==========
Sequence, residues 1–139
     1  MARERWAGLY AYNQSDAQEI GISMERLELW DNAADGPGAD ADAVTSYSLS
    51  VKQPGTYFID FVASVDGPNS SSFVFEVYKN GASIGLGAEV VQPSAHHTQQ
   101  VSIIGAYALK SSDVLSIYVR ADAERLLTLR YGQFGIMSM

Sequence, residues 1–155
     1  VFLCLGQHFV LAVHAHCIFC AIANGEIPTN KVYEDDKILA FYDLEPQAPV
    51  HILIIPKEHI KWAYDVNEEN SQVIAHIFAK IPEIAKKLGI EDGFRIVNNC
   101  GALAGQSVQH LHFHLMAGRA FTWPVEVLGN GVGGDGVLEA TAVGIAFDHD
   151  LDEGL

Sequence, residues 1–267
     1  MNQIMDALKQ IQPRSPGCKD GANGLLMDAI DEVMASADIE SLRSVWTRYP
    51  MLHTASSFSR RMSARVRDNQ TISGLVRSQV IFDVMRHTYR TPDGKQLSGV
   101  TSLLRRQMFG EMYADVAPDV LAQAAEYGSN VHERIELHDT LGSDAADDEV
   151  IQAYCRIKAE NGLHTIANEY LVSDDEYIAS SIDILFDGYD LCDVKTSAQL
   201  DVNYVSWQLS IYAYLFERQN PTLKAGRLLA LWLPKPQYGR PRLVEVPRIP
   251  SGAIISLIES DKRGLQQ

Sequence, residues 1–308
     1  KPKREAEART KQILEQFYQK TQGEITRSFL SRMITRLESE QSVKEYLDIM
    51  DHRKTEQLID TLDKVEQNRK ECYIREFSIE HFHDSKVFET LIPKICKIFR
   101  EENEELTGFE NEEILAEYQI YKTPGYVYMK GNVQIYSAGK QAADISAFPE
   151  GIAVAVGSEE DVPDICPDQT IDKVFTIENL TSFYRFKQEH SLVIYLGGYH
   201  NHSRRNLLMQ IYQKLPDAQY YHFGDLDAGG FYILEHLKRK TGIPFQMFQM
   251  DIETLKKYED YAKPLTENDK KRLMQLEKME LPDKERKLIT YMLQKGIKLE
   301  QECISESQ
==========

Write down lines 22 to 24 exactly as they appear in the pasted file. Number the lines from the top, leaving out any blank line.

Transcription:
   201  NHSRRNLLMQ IYQKLPDAQY YHFGDLDAGG FYILEHLKRK TGIPFQMFQM
   251  DIETLKKYED YAKPLTENDK KRLMQLEKME LPDKERKLIT YMLQKGIKLE
   301  QECISESQ